Reasonable Rx: Solving the drug price crisis
S Finkelstein and P Temin
London, UK: Financial Times/Prentice Hall 2008 | 208pp | ?16.99 (HB) ISBN 9780132344494
Reviewed by Richard Lewis
This book is, in essence, a political treatise arguing that the American health care system is broken and needs to be fixed by the American government. Actually, the book is not that bad, if one can put aside the grating statements about the death of innovation and lack of worthwhile basic research anywhere but the US. It takes a while to get going, starting by describing the ills of the current system, which are more wittily satirised elsewhere (for example pharmagiles.blogspot.com).
The topical nature of the book leaves inevitable hostages to fortune (the Vytorin collaboration is held up as a glowing example of the way forward). Despite admitting that the general thrust of the arguments presented are correct, I baulk at the solution. In addition to meeting FDA criteria, potential drugs would be submitted into a government-sponsored auction system by the R&D firms, at various stages in their evolution, anywhere from Phase I to III.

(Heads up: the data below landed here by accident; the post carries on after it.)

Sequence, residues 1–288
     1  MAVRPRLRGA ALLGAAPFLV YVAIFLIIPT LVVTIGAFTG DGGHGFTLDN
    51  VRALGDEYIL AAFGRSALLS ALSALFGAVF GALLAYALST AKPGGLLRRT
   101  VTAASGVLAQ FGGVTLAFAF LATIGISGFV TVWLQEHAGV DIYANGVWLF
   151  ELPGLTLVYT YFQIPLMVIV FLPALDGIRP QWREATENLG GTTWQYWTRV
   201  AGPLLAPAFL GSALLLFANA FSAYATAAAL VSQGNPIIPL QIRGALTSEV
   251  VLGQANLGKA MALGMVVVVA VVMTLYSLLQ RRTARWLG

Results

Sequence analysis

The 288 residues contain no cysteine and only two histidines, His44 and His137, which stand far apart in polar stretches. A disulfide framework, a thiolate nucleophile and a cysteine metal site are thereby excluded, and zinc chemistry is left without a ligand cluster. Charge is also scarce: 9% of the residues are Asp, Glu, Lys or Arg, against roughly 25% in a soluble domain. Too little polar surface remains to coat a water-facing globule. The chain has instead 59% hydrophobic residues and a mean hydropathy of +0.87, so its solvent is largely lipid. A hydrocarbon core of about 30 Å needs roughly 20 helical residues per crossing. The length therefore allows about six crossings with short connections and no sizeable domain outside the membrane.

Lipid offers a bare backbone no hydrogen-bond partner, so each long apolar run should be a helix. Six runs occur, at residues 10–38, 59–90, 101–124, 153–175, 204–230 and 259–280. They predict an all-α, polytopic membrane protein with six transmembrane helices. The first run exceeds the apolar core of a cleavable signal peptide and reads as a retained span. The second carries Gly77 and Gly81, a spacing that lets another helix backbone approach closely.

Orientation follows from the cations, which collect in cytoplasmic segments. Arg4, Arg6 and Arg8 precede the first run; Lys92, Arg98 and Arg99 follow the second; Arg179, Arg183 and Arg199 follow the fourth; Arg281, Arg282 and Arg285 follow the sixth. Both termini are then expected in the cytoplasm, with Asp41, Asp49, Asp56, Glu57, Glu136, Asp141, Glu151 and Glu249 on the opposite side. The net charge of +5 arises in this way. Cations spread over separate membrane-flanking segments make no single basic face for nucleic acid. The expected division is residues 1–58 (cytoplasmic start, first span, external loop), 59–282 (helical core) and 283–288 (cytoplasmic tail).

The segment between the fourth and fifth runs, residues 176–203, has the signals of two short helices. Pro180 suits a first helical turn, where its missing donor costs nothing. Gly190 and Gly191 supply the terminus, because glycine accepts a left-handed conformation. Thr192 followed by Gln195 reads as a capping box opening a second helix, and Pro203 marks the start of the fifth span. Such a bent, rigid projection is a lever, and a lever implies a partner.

The financial return to the submitting firm would be determined by unmet medical need, and what the sales and marketing firms would be prepared to bid. Government and philanthropic foundations would sponsor orphan and high need/low return indications, with minimum bid prices set via an independent review body. The marketing firms would take the risk of creating the sales revenue on their investment (including novel indications), plus any liabilities on adverse effects (qv Vioxx).
There must be complete independence between the R&D and marketing firms. The hope is that this model would reduce the need for blockbusters to sustain growth, incentivise research towards unmet medical need and lower prices generally. The successful precedent for this model is given as the break-up of the telecommunications industry. The unwritten assumption is that the importance of the American market, and need to access basic research in the US, will wag the multinational dog of the pharmaceutical business.
To repeat, this is a political book about future US healthcare policy. It will interest those involved in understanding and shaping the strategic direction of healthcare systems. It does not give much insight per se into the industry, or the science of drug discovery, and may become quickly outdated by events. However, if one believes that every journey begins with a first step, it is a useful contribution to a debate that has to happen.